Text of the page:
China: Education Not Delivering ‘Results’

China: Education Not Delivering ‘Results’

About 10,000 Chinese college students look for a job at a job fair in Changzhou

Four in 10 Chinese complain about the yawning gap between large investments in education and its returns, a recent nationwide survey has showed.

The Horizon Research Consultancy Group polled 3,355 residents aged 16 to 60 in both urban and rural areas, including seven metropolises such as Beijing and Shanghai. The survey found that only 16 percent of respondents believed their investments on education gave good returns.

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What Makes Finnish Kids So Smart?

What Makes Finnish Kids So Smart?

 

High-school students here rarely get more than a half-hour of homework a night. They have no school uniforms, no honor societies, no valedictorians, no tardy bells and no classes for the gifted. There is little standardized testing, few parents agonize over college and kids don’t start school until age 7.

Yet by one international measure, Finnish teenagers are among the smartest in the world. They earned some of the top scores by 15-year-old students who were tested in 57 countries. American teens finished among the world’s C students even as U.S. educators piled on more homework, standards and rules. Finnish youth, like their U.S. counterparts, also waste hours online. They dye their hair, love sarcasm and listen to rap and heavy metal. But by ninth grade they’re way ahead in math, science and reading — on track to keeping Finns among the world’s most productive workers.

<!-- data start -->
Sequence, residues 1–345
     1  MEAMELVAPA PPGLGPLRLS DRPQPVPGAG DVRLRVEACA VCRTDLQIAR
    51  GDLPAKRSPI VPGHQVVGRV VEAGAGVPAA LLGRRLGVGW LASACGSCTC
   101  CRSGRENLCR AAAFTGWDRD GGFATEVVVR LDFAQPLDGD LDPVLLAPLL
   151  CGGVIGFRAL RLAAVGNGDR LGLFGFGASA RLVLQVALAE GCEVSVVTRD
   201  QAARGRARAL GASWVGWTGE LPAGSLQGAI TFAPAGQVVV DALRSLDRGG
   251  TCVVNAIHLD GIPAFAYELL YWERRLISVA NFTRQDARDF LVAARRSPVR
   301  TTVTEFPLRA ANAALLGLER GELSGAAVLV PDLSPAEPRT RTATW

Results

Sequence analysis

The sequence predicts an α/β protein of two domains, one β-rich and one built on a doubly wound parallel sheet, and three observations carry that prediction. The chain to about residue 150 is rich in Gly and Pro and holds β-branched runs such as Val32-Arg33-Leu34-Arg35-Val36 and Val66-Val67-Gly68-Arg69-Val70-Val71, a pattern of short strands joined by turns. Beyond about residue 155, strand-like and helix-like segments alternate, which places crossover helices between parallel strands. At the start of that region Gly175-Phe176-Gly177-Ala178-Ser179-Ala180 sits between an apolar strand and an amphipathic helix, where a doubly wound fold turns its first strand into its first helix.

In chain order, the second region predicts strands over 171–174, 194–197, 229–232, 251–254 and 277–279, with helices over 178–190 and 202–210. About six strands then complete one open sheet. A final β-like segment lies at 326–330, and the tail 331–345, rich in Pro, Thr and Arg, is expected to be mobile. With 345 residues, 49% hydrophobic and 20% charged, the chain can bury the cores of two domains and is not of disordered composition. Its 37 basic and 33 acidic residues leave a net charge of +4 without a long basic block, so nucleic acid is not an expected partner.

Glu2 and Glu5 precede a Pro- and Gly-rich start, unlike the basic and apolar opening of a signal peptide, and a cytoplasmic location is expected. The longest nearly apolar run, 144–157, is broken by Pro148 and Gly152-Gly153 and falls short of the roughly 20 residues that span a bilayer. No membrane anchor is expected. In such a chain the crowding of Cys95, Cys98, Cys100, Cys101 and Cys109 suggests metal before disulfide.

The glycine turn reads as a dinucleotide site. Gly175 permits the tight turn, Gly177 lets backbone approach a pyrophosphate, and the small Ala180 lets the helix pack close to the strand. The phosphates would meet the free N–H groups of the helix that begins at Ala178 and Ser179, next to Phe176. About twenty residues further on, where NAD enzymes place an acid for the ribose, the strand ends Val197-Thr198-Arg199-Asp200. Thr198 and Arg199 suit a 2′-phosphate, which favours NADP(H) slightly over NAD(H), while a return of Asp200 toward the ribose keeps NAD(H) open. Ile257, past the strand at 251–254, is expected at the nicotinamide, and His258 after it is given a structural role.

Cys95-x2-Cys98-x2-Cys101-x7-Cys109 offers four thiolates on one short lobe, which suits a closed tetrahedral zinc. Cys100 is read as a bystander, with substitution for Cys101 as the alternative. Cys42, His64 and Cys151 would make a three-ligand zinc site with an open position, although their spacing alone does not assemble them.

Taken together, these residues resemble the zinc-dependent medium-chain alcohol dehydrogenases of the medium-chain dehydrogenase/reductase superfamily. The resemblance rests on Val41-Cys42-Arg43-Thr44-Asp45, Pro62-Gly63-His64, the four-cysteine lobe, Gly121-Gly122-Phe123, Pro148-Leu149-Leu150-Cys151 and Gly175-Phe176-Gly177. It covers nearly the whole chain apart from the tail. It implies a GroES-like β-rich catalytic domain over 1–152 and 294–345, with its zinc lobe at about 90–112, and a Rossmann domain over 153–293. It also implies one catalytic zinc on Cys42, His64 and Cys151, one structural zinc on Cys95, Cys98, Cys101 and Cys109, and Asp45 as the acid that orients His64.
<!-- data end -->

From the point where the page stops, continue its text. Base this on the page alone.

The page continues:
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College Students Buried in Facebook

College Students Buried in Facebook

College students still can’t get enough of Facebook.

According to Youth Trends’ February 2008 “Top Ten List Report,” Facebook was students’ favorite Web site for the seventh straight quarter.

“Among men, CollegeHumor, Break and Digg all experienced gains over the most recent quarter as MySpace missed out making the top ten for the first time in a year and half,” said Josh Weil, CEO of Youth Trends.

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